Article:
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Edugyan’s unpredictable year culminates in Giller win

A novel that, less than a year ago, was without a Canadian publisher has won the country’s most prestigious literary prize. Esi Edugyan‘s Half-Blood Blues, about a jazz musician who disappears in Nazi-occupied France, was awarded the $50,000 Scotiabank Giller Prize Tuesday evening, capping an unlikely run that has seen the Calgary-born novelist rise from obscurity to become one of the season’s most buzzed about authors.

Edugyan’s sophomore novel was supposed to appear in the spring with the now bankrupt Key Porter Books. Half-Blood Blues eventually landed with Thomas Allen Publishers, which released the book this summer, months after it had appeared in the U.K. (with the venerable literary press Serpent’s Tail) and the U.S. (Picador).

Accepting the prize at a Toronto gala, Edugyan thanked Thomas Allen publisher Patrick Crean for rescuing the book from limbo. Thomas Allen has been the most amazing publisher, she said. After Key Porter “ that wonderful Canadian house “ fell apart, he (Patrick) came in and believed in the book and purchased it, and I’m so, so thankful for that. It’s been a wonderful experience, Patrick.

Edugyan also thanked her editors Jane Warren and John Williams (of Key Porter and Serpent’s Tail, respectively), as well as a trusted early reader, the author Jacqueline Baker. Finally, she acknowledged her husband, poet and novelist Steven Price, without whom nothing gets written.

In fact, Price, whose first novel, Into That Darkness, appeared this spring with Thomas Allen, had a hand in getting the book published, too. Crean said Price contacted him in April, shortly after the problems with Key Porter, and convinced him to take an advance reading copy to the London Book Fair. After reading the novel on the plane, Crean said he was absolutely beguiled and amazed. He signed the book not long after returning to Toronto.

This is the second time Thomas Allen has won the Giller, and only the third time in the prize’s 18-year history that a solely Canadian-owned firm has published the winning title. When Thomas Allen last won the Giller, in 2002, it was for Barbadian-born novelist Austin Clarke’s The Polished Hoe.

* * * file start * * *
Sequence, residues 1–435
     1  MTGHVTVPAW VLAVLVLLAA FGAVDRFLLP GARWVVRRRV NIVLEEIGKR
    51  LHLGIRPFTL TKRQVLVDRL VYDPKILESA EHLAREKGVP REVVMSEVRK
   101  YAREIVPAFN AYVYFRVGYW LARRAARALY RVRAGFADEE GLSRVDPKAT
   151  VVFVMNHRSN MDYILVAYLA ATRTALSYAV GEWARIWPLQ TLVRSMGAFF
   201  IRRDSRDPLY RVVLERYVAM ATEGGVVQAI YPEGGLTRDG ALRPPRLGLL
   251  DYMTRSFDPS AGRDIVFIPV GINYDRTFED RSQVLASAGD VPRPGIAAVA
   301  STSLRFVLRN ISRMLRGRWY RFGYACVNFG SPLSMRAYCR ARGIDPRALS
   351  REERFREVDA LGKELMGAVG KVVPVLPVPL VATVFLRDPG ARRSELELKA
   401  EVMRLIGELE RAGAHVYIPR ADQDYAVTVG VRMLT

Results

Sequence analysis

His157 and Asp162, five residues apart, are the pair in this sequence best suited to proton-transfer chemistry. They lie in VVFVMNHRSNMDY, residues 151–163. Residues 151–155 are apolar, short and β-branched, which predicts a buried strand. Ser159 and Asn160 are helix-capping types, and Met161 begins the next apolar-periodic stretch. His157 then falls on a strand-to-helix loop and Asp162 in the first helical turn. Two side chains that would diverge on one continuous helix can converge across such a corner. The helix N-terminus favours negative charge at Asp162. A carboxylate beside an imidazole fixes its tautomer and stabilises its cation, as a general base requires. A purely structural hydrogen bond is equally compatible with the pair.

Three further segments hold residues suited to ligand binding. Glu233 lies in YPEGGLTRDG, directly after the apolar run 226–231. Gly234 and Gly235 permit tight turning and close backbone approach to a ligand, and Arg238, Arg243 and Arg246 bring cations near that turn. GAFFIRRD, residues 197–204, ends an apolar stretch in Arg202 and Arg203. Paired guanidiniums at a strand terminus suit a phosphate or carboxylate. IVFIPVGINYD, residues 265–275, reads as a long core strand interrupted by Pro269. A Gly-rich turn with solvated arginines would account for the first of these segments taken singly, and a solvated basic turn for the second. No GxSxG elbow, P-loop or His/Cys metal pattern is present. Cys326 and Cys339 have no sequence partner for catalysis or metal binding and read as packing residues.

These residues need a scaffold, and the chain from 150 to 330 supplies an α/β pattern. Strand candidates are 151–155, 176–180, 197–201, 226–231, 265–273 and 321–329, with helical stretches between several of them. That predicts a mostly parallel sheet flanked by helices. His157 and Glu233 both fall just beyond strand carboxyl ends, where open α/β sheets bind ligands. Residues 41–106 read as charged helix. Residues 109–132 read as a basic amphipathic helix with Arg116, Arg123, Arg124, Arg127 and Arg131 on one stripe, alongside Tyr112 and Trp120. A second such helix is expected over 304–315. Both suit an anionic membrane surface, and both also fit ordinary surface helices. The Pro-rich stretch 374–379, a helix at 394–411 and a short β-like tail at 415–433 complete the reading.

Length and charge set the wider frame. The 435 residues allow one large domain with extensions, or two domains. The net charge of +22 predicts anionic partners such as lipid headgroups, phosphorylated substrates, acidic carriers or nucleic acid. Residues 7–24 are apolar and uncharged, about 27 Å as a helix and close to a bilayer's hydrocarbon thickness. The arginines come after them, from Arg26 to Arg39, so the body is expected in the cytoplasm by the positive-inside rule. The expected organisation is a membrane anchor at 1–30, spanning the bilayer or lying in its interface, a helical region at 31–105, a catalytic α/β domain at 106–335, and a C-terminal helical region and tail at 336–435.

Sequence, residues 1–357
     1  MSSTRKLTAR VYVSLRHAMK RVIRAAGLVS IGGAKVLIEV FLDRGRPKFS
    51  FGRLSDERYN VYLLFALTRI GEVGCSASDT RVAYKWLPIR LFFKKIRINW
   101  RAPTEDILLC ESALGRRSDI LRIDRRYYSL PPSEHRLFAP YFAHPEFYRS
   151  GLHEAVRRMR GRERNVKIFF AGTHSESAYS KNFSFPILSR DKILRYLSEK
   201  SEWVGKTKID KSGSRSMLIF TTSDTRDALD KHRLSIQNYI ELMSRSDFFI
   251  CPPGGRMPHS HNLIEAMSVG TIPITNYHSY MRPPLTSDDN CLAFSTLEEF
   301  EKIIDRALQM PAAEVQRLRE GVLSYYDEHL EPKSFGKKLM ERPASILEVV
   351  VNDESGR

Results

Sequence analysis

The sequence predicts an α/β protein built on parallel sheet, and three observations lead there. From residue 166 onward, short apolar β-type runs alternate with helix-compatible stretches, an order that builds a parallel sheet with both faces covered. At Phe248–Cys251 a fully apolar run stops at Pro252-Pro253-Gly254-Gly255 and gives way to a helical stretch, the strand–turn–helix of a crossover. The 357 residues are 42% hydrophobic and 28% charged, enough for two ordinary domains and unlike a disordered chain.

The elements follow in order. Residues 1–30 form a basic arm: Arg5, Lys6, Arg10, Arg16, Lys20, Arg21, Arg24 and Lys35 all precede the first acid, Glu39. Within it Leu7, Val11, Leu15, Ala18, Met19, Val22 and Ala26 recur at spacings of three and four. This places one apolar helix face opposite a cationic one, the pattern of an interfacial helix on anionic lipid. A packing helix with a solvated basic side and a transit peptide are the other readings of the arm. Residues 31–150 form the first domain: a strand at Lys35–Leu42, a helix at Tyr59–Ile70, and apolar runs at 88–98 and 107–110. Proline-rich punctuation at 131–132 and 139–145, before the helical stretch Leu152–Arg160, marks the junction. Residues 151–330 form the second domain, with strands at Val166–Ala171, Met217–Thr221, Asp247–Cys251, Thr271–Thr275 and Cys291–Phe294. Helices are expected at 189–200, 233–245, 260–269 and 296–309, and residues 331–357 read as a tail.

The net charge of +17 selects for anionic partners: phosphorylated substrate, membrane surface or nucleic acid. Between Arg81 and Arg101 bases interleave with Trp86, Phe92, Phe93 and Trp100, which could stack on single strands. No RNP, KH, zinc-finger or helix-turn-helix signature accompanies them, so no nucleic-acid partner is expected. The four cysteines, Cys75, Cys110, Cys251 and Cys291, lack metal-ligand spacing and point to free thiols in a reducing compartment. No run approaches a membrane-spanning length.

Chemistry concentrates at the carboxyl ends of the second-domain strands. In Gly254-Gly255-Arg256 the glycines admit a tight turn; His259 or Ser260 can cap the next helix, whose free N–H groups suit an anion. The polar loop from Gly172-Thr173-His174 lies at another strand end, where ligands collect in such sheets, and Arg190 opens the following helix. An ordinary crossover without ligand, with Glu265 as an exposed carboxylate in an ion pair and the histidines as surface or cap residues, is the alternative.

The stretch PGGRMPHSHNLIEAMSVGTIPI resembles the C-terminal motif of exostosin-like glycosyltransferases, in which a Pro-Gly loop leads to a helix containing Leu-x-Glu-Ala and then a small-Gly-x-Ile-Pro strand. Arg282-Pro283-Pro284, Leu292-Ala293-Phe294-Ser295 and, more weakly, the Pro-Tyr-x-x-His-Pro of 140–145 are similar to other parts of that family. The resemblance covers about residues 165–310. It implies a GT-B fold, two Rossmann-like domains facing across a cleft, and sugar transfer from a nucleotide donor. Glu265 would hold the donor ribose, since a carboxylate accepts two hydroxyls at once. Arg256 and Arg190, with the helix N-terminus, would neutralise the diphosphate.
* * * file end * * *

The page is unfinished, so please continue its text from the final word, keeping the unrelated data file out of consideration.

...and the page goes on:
Crean described being in the winner’s circle for a second time as an absolute thrill. He added: It’s also a thrill to see a young African-Canadian woman win it. I think we have a lot of wonderful writers of many different backgrounds, but we seem to have a dearth of young writers of that particular heritage.

Edugyan is a second-generation Canadian whose father emigrated from Ghana in the 1970s.

There are currently 23,000 copies of Half-Blood Blues in print. Tomorrow morning we’re going to be pushing the button again, Crean said. I don’t quite know what the number is going to be, but it’s going to be upwards of 20,000. Thomas Allen has sold just 250 e-book copies of the novel, but Crean said that may change very rapidly now.

Following the controversy that erupted last year when winning publisher Gaspereau Press was unable to keep up with demand for Johanna Skibsrud’s The Sentimentalists, Crean reassured retailers that history isn’t about to repeat itself. [Gaspereau is] an artisan publisher, and one has to respect that very much, he said. We’re a more commercial house, and we keep our eye on the sales figures and make sure there’s enough inventory.

The Giller is just one among a full slate of literary prizes Edugyan was eligible for this fall. With Giller co-nominee Patrick deWitt she shares the peculiar distinction of having been nominated for all three of Canada’s major literary awards as well as the U.K.’s Man Booker Prize.

Last week, deWitt won the $25,000 Rogers Writers’ Trust Fiction Prize for his sophomore novel, The Sisters Brothers (House of Anansi Press). Along with Edugyan and deWitt, a third Giller nominee is eligible for the $25,000 Governor General’s Literary Award, which will be handed out next week: David Bezmozgis, nominated for his first novel, The Free World (HarperCollins Canada).

The other Giller nominees were Lynn Coady’s The Antagonist (Anansi), Michael Ondaatje’s The Cat’s Table (McClelland & Stewart), and Zsuzsi Gartner’s Better Living Through Plastic Explosives (Hamish Hamilton Canada).

Anansi, which has yet to win a Giller, has now been nominated 10 times, more than any other publisher save Random House of Canada and McClelland & Stewart.